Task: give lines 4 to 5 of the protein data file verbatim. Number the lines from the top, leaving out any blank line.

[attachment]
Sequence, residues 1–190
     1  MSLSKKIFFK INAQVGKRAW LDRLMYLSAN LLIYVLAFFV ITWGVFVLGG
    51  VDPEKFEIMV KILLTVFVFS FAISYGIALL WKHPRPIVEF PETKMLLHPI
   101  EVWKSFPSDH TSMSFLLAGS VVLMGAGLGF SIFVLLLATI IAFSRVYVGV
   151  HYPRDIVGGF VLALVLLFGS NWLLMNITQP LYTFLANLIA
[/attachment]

   101  EVWKSFPSDH TSMSFLLAGS VVLMGAGLGF SIFVLLLATI IAFSRVYVGV
   151  HYPRDIVGGF VLALVLLFGS NWLLMNITQP LYTFLANLIA